“I’ve been an artist since I was 2” Yusef Sirius El is a a man of many talents. Painter, musician but he is known for his success as a footwear designer. Name the brand..Adidas, Nike, ENYCE, he has designed for them. Millions have worn his designs. Our conversation covers the story of Yusef, footwear designer.
A new outpost of acclaimed pizzeria L’asso is set to open on First Avenue. I filmed owner Robert’s story @ L’asso East Village while he was overseeing construction. L’asso prides itself on serving D.O.C.-certified pies — a designation reserved for pizza made to the standards of the Italian government. Definitely, one of the top 5 NYC pizza spots. http://lassonyc.com/
After spending a great scenic day driving around my borough of Queens, I jumped on the J train and took an evening stroll through the East Village. I bumped into a true ambassador of Queens, Q-Tip of A Tribe Called Quest. He was enjoying a stroll as well but was cool enough to share a historic small story about A Tribe Called Quest and the building behind us, CSV CULTURAL CENTER 107 Suffolk Street. Funny, the story was in front of both our faces..Unscripted NYC.
The longtime MC with pioneering alternative hip-hop trio A Tribe Called Quest, rapper Q-Tip was born Jonathan Davis in New York City on November 20, 1970. While a student at the Murray Bergtraum High School for Business Careers, he co-founded A Tribe Called Quest with fellow students Ali Shaheed Muhammad and Phife (Malik Taylor) in 1988. The following year, Q-Tip guested on De La Soul‘s groundbreaking 3 Feet High and Rising LP, with the two groups forever linked through their association with the Native Tongues collective. Tribe‘s debut single, “Description of a Fool,” appeared in the summer of 1989, and after signing to Jive Records, the trio issued its debut LP, People’s Instinctive Travels and the Paths of Rhythm, a year later. With its fiercely intelligent, socially progressive lyrics and brilliant fusion of rap and jazz, the group emerged as one of the most popular and influential in all of hip-hop, producing such classic LPs as 1991’s The Low End Theory and 1993’s Midnight Marauders before disbanding in 1998. Q-Tip then mounted a solo career with the 1999 release of Amplified. Although it was successful, he was in label limbo for many years afterward, continuing to record but rarely able to release any of his output. (One album, Kamaal the Abstract, was ready to roll into stores in 2002 when it was halted; it was finally released by Jive in 2009.) His sophomore set finally appeared in late 2008 and earned its title, The Renaissance. ~ Jason Ankeny, Rovi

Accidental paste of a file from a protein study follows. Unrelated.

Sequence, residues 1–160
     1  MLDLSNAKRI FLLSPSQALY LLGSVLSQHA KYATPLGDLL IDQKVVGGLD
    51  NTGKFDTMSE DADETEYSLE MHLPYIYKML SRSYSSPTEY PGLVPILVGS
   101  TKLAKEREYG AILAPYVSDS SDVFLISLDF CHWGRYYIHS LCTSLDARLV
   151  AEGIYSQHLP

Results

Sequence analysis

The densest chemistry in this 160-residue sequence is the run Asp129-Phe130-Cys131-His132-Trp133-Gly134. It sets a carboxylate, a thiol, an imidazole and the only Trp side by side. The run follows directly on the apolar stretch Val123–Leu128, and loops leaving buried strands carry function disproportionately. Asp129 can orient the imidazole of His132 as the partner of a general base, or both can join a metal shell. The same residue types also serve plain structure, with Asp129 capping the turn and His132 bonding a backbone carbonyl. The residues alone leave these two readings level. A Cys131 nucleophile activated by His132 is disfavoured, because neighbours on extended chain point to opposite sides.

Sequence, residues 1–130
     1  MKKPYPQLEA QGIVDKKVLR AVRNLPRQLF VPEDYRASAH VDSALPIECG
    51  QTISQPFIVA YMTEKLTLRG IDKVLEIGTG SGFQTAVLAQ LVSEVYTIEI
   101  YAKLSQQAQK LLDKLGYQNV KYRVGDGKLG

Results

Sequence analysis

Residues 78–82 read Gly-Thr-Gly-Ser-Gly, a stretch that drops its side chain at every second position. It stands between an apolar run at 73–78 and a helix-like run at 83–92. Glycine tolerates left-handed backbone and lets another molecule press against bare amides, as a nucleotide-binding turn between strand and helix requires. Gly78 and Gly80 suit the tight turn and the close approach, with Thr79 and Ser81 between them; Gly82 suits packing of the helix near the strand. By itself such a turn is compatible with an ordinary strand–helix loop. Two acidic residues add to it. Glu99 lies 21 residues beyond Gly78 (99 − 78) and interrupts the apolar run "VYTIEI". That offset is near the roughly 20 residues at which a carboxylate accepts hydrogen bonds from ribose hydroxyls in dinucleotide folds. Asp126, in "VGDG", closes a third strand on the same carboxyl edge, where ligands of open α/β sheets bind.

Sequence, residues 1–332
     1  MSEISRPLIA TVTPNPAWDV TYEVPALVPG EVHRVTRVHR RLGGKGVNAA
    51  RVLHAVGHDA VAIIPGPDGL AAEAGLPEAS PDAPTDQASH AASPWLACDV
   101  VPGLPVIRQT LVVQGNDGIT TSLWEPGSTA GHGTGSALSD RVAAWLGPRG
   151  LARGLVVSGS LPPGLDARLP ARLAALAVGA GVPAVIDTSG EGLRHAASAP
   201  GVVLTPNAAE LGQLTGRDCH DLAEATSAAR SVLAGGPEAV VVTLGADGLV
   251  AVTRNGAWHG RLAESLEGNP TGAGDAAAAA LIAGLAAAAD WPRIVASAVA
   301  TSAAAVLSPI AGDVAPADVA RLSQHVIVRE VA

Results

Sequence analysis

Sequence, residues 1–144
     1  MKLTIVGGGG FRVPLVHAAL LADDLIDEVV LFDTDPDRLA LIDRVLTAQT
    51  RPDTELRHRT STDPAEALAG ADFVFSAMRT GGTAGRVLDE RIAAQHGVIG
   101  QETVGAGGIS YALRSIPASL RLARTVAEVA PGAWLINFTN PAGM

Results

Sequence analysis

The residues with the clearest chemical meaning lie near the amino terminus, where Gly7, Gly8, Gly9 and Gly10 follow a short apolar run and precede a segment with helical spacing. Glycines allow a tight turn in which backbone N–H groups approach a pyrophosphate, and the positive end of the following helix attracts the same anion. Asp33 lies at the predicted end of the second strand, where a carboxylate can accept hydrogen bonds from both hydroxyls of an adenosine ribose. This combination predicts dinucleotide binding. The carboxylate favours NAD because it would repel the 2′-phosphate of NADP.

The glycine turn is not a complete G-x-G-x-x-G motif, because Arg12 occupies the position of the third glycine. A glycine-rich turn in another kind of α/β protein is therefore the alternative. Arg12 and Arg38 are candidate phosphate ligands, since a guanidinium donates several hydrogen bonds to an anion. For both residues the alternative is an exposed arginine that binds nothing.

14 NYC stories in 14 minutes. A thread of conversations beginning with a new New Yorker who is proof that people move to NYC from all over the world; a man roller skating w the bottom of a mannequin on his head in soho; Freedom Bradley Dir-City Parks Foundations on what else “NYC Parks”; Founder of cleanplates.com the online healthy version of zagats; Guy wearing airtrekkers on Park Avenue; Iesha of Street Corner Resources, anti-violence teen protest @129 & Lenox; DJ Moma on going from engineer to DJ and “escaping the rat race”; Abby & Tori on the call that sent them to Haiti; Footwear designer Yusef Sirius El on 5 and 10 year business plans; Opera singer Joanna Bergin on the day she knew opera was her calling; Stylist Jason Rembert@Rocawear pop-up store on how he got his first internship at Elle; my first Yankee game, in the parking lot I get schooled on Yankee culture by my host and former Yankee exec onYankee branding..but he has a World Series ring, I LOVE NYC; Cinematographer/producer Shawn Peters on what is Weeksville.